Schwaller traces the connections between medieval Iberian ideas of difference and the unique societies forged in the Americas. He analyzes the ideological and legal development of géneros de gente into a system that began to resemble modern notions of race. He then examines the lives of early colonial mestizos and mulatos to show how individuals of mixed ancestry experienced the colonial order. By pairing an analysis of legal codes with a social history of mixed-race individuals, his work reveals the disjunction between the establishment of a common colonial language of what would become race and the ability of the colonial Spanish state to enforce such distinctions. Even as the colonial order established a system of governance that entrenched racial differences, colonial subjects continued to mediate their racial identities through social networks, cultural affinities, occupation, and residence.

Presenting a more complex picture of the ways difference came to be defined in colonial Mexico, this book exposes important tensions within Spanish colonialism and the developing social order. It affords a significant new view of the development and social experience of race—in early colonial Mexico and afterward.

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Bind Us Apart: How Enlightened Americans Invented Racial Segregation

Posted in Books, History, Media Archive, Monographs, Native Americans/First Nation, United States on 2016-08-23 17:47Z by Steven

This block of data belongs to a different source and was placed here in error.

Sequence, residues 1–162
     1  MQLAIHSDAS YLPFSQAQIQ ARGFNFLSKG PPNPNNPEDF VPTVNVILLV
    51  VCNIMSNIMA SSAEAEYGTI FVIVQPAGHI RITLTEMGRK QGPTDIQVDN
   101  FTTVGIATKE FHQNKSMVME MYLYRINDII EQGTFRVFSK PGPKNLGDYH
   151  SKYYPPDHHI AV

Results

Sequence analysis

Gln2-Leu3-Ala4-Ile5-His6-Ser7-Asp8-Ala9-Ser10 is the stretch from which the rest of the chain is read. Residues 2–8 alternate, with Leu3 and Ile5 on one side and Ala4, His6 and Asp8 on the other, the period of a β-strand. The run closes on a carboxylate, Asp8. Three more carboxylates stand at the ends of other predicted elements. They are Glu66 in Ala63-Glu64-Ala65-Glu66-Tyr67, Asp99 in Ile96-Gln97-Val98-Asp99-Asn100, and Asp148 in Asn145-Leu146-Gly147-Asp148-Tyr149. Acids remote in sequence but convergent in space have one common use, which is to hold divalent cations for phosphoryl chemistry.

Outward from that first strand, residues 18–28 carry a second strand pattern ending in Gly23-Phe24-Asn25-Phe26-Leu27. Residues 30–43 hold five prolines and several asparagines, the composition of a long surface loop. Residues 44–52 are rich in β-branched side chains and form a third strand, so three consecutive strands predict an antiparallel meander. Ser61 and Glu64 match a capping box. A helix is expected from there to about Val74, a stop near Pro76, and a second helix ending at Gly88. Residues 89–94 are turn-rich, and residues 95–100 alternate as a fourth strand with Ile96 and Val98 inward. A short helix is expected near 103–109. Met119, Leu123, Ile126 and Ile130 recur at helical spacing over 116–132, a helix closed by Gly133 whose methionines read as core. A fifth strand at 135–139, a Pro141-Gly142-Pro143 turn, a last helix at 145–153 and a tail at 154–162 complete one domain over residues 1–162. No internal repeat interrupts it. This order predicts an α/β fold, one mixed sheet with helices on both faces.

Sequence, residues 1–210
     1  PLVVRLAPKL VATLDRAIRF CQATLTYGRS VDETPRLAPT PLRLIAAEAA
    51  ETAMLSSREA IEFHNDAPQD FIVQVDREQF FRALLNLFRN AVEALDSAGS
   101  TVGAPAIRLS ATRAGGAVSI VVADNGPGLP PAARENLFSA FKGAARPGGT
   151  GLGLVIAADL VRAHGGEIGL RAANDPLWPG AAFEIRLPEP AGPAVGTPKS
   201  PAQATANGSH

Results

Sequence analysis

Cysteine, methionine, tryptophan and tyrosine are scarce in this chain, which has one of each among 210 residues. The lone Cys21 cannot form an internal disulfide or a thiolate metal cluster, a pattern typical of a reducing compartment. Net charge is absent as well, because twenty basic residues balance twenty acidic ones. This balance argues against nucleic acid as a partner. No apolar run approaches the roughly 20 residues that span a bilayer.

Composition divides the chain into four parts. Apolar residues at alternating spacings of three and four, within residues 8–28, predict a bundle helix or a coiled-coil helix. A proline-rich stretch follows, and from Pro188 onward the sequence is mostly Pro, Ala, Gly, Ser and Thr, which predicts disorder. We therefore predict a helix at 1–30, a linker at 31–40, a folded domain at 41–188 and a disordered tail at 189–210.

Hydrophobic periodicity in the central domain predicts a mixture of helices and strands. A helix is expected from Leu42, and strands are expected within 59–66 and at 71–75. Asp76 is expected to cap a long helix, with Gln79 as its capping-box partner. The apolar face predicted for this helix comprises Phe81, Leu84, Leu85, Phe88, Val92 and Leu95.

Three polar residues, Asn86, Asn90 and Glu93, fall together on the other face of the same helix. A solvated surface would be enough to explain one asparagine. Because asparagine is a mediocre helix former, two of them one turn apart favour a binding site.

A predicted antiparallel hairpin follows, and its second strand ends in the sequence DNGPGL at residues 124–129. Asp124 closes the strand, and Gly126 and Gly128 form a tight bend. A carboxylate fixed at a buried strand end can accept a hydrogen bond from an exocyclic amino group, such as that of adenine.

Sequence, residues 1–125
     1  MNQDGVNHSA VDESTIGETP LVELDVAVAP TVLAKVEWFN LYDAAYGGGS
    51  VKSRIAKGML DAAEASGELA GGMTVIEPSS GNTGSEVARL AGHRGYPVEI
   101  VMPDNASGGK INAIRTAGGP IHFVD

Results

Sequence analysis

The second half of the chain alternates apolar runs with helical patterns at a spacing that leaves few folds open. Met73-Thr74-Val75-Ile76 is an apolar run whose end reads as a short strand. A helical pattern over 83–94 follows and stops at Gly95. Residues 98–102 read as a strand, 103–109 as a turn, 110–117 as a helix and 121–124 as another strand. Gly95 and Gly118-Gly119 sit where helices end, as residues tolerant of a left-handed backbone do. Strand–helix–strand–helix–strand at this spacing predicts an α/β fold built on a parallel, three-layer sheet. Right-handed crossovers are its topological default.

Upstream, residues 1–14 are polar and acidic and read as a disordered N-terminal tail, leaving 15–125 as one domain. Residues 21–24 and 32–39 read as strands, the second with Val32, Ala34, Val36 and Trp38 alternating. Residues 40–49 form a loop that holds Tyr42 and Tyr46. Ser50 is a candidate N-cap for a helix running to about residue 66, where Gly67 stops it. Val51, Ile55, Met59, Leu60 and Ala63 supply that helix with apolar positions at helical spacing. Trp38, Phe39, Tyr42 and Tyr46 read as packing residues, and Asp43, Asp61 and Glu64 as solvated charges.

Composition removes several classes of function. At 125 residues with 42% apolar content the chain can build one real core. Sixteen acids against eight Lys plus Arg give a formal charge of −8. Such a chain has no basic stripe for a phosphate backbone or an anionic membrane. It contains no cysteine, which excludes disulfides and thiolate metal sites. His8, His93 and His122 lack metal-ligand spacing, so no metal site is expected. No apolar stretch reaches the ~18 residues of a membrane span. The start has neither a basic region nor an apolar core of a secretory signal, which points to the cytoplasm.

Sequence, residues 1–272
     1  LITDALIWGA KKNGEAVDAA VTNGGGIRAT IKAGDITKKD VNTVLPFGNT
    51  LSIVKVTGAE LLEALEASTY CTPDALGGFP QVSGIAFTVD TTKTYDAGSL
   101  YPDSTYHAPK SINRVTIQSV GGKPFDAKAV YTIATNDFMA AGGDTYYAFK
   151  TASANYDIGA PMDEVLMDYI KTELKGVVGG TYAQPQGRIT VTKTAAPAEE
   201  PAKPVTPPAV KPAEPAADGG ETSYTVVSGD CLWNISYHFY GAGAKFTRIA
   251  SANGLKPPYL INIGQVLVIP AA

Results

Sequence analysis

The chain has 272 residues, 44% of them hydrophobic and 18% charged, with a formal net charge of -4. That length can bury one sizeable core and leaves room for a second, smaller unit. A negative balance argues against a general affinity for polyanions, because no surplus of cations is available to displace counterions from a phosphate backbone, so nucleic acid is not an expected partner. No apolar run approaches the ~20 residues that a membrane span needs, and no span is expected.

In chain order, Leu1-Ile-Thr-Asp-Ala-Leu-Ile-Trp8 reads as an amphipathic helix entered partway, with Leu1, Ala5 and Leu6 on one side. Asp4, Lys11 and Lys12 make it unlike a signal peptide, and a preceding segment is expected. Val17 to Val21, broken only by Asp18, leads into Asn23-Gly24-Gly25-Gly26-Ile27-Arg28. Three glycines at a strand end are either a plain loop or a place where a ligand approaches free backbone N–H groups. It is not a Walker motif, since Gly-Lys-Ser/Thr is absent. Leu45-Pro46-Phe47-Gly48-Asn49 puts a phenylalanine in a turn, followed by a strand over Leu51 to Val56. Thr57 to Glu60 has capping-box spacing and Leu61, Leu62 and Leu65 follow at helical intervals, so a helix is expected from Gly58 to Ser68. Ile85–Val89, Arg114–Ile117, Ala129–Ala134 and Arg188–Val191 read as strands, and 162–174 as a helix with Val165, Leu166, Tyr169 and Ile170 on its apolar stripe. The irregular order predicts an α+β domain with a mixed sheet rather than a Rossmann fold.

Bind Us Apart: How Enlightened Americans Invented Racial Segregation

Basic Books
2016-04-26
416 pages
Hardcover ISBN 13: 978-0-465-01841-3

Nicholas Guyatt, University Lecturer in American History
Cambridge University

The surprising and counterintuitive origins of America’s racial crisis

Why did the Founding Fathers fail to include blacks and Indians in their cherished proposition that “all men are created equal”? The usual answer is racism, but the reality is more complex and unsettling. In Bind Us Apart, historian Nicholas Guyatt argues that, from the Revolution through the Civil War, most white liberals believed in the unity of all human beings. But their philosophy faltered when it came to the practical work of forging a color-blind society. Unable to convince others—and themselves—that racial mixing was viable, white reformers began instead to claim that people of color could only thrive in separate republics: in Native states in the American West or in the West African colony of Liberia.

Herein lie the origins of “separate but equal.” Decades before Reconstruction, America’s liberal elite was unable to imagine how people of color could become citizens of the United States. Throughout the nineteenth century, Native Americans were pushed farther and farther westward, while four million slaves freed after the Civil War found themselves among a white population that had spent decades imagining that they would live somewhere else.

Essential reading for anyone disturbed by America’s ongoing failure to achieve true racial integration, Bind Us Apart shows conclusively that “separate but equal” represented far more than a southern backlash against emancipation—it was a founding principle of our nation.

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Redefining Japaneseness: Japanese Americans in the Ancestral Homeland

Posted in Asian Diaspora, Books, Forthcoming Media, Monographs, Social Science, United States on 2016-08-23 00:03Z by Steven

Redefining Japaneseness: Japanese Americans in the Ancestral Homeland

Rutgers University Press
January 2017
224 pages
6 x 9
Cloth ISBN: 978-0-8135-7637-4
Paper ISBN: 978-0-8135-7636-7